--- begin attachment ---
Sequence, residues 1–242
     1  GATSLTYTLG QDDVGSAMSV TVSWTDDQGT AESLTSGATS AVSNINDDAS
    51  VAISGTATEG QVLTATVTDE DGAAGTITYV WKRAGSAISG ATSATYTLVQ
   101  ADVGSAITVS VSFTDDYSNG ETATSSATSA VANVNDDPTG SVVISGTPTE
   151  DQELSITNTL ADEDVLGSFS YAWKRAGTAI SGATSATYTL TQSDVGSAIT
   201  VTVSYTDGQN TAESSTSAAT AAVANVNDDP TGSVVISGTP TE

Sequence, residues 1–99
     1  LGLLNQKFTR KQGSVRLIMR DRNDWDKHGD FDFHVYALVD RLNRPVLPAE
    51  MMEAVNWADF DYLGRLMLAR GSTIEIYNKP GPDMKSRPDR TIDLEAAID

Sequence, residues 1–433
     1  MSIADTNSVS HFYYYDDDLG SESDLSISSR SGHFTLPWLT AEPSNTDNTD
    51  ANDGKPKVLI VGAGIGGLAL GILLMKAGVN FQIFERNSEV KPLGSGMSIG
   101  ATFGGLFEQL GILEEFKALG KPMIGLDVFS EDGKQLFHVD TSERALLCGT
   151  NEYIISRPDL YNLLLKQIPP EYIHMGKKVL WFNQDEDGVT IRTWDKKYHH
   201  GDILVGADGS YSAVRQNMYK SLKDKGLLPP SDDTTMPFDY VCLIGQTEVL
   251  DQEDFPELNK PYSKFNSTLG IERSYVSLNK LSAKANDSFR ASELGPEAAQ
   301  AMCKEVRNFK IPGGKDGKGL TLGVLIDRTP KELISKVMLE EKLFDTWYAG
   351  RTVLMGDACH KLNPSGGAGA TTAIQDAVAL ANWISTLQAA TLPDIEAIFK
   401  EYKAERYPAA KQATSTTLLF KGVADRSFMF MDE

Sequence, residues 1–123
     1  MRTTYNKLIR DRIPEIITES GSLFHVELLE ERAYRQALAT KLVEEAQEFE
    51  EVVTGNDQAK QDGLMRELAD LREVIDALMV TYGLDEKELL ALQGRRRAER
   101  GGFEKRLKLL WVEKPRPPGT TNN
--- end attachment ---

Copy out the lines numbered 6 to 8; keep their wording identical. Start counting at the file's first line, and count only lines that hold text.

   201  VTVSYTDGQN TAESSTSAAT AAVANVNDDP TGSVVISGTP TE

Sequence, residues 1–99
     1  LGLLNQKFTR KQGSVRLIMR DRNDWDKHGD FDFHVYALVD RLNRPVLPAE